In the 1960s, tobacco producers started adding ingredients to make cigarettes taste better + hit our brain’s pleasure centers faster. They also launched marketing schemes + funded (biased) research to convince the public that cigarettes don’t cause cancer.
This week, we'll explore how those same tactics (and sometimes, people) got us hooked on processed foods, gas stoves + the internet—despite what real life results and research show. And we'll close out with insurance price increases + updated Covid-19 testing tips.
In the 1980s, Phillip Morris and R.J. Reynolds acquired Kraft and General Foods. Their mission? To increase sales using the same tactics that got us hooked on cigarettes.
First, they added addictive combinations of fat, salt + sugar to Oreos, Kraft Mac & Cheese + more. These hyper-palatable foods would flood our bloodstreams + hit our brain’s bliss point so fast that we’d immediately crave more. Then, they marketed high-sugar SnackWells + refined-flour Teddy Grahams as healthy diet foods. The result? We ate more of them.
Big tobacco got out of the food game in the early aughts. But their tactics live on today.
You may have read back in January that a plethora of studies confirm that gas stove emissions increase respiratory illness rates. You probably didn’t read that the American Gas Association (AGA) has been covering up this data for decades.
In 1968, electric stove sales outpaced those of gas stoves for the first time. In response, the AGA launched a $1.3 million marketing campaign to disrupt public confidence + revive sales. They funded biased studies on the safety of emissions from gas stoves, claiming that exhaust fans vented to the outdoors adequately, reducing nitrogen dioxide and carbon monoxide indoors. Then, they poked holes in opposing science to make us believe that data on indoor air quality is inconclusive.
Studies funded by the AGA didn’t disclose their funding source. So many of their skewed findings on the long-term health effects of gas stoves made it into scientific journals + EPA reports. Gas stoves remained on the market + in our kitchens.
How’d the AGA pull off the massive bait-and-switch? They hired the same PR firms + scientists who’d upheld the tobacco industry. Today, gas companies are still paying toxicologists to refute new studies + suing states attempting to ban future gas stove sales.
Learn more at NPR.
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New antitrust actions by the Federal Trade Commission (FTC) aren't accusing Google and Amazon of Big Tobacco-like addiction schemes. But they are challenging the tactics that shape our purchasing power.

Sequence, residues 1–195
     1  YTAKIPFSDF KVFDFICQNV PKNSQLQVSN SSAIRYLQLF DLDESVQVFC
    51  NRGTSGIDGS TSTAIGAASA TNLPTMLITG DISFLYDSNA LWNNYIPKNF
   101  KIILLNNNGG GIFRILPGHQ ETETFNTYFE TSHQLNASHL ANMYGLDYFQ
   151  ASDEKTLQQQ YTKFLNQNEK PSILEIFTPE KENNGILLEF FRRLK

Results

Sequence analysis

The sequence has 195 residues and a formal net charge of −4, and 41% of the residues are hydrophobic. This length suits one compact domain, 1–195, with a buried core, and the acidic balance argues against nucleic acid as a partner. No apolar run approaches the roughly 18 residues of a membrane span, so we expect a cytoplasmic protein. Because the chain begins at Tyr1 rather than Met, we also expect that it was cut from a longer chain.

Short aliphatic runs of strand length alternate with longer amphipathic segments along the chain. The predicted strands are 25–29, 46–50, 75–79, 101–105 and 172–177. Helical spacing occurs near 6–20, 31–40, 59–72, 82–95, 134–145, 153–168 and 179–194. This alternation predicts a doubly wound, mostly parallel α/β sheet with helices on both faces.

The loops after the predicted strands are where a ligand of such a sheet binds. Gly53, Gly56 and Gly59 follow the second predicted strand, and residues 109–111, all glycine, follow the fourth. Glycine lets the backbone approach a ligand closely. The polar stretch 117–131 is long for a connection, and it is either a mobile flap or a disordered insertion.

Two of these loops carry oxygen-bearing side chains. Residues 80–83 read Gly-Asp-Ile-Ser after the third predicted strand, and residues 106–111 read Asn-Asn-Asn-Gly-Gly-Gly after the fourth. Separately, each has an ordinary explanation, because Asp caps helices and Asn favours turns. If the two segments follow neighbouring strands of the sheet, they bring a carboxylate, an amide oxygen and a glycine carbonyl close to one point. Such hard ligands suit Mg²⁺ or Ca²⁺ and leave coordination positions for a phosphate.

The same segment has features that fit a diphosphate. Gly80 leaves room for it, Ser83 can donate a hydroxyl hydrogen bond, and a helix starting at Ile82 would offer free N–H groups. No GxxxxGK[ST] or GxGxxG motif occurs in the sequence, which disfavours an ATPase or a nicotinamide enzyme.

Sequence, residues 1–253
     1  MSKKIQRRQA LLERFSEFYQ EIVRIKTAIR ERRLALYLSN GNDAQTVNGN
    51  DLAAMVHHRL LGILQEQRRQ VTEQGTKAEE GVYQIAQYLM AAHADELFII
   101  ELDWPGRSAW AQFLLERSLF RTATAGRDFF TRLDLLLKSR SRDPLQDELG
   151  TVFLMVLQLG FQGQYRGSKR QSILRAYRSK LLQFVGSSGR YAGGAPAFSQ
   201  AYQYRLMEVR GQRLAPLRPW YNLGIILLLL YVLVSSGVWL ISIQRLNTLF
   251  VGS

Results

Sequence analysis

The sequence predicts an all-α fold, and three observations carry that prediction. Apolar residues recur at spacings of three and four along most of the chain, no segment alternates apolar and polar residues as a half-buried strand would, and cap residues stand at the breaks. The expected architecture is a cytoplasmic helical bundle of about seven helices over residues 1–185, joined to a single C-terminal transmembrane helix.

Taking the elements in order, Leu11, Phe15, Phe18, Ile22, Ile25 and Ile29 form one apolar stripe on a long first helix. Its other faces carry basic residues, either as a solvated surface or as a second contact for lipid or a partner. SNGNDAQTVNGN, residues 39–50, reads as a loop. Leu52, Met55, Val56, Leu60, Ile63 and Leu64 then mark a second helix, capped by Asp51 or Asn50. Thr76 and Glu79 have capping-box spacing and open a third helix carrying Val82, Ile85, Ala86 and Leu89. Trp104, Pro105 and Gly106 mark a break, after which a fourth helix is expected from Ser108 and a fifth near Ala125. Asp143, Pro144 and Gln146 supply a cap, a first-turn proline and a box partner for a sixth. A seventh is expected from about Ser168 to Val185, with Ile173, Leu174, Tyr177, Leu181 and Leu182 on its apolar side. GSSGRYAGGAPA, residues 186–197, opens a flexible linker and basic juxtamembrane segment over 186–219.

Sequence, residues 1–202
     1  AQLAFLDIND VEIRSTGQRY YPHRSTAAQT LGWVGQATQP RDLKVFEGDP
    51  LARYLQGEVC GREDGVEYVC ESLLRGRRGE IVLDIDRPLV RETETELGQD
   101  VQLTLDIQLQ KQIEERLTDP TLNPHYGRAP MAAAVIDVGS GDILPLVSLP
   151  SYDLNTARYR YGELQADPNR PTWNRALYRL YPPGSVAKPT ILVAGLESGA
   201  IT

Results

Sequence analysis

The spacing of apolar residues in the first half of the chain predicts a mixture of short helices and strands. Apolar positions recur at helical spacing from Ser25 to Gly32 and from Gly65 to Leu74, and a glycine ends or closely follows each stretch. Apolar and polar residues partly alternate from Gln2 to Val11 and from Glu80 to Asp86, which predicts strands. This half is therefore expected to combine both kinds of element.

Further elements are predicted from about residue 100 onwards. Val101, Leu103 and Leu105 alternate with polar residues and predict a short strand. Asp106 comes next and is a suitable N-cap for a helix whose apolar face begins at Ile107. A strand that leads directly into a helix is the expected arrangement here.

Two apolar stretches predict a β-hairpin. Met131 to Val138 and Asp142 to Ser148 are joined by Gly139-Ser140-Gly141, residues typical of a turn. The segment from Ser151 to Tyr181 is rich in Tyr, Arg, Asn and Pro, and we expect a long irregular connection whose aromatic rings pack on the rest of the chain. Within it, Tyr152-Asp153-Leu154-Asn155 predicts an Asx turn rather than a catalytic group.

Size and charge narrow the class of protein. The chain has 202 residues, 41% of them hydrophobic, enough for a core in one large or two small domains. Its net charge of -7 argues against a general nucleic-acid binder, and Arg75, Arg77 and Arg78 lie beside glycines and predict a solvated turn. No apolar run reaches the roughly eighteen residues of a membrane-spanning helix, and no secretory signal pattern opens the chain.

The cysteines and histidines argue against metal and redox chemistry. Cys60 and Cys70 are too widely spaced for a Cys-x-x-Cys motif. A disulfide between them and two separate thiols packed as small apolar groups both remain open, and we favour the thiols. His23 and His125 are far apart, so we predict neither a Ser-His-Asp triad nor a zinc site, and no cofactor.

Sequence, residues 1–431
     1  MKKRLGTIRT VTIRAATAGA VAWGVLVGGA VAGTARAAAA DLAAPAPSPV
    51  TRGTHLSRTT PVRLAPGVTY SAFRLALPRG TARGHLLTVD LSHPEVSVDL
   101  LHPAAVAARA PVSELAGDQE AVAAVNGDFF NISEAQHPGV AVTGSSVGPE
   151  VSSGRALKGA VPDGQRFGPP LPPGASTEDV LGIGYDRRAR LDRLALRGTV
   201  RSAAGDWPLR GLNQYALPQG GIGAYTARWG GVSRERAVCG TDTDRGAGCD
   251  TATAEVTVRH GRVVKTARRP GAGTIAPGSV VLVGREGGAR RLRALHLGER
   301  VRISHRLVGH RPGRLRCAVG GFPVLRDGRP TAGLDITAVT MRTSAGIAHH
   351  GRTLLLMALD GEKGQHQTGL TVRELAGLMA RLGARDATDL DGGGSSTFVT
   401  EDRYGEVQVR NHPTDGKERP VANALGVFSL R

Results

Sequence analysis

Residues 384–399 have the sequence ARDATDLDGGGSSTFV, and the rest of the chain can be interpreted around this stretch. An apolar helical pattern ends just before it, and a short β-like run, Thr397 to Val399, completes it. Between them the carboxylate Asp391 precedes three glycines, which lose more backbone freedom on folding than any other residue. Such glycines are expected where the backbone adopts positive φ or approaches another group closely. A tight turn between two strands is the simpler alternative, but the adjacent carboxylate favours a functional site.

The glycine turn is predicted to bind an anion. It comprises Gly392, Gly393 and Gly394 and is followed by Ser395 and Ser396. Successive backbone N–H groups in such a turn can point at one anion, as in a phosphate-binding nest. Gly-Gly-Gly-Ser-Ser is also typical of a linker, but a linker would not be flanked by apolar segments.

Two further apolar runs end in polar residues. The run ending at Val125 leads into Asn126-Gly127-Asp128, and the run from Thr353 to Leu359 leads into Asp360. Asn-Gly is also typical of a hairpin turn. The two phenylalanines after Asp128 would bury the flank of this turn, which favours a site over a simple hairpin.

One current suit alleges that Amazon tracked when competitor prices matched Amazon's so that they could raise their prices, encouraging competitors to do the same in response. (Amazon can do this because we buy so much from them.) Another claims that Google’s Search and Ad teams partnered to boost searches that trigger ads + sales. (Google denies this.)
How discreetly manipulated is our online time? Read more at The Atlantic.
US pharmacy workers strike over ‘dangerous’ workloads (Guardian). After local strikes in September and October, pharmacists + support staff at CVS + Walgreens nationwide may strike from Oct 30 to Nov 1. They’re asking for more staff, stating they’ve not had enough to safely fill prescriptions, speak with doctors + insurance companies, manage drive-thru orders and give vaccinations—despite CVS hitting $4.1 billion profit in 2022.
Think you have Covid? Here’s the best way to test yourself now (HuffPost). New reports show that current variants peak on day four of symptoms—so at-home tests aren’t reliable until the third to fifth day. They also produce lower viral loads that can fall below at-home test detection. So if you have symptoms but no positive result? You may still have Covid. For the most accurate results, test when you first feel symptomatic, then 48 hours later, then 48 hours later again. And if you have an infection…
For people who get health care coverage through their jobs, the cost is rising (NPR). Job-based health insurance monthly premiums rose by 7% in 2023 and will probably increase again in 2024—some up to 25% more. Inflation + higher wage growth encourages the rise. But some employers worry this will threaten their workers’ budget, health + loyalty.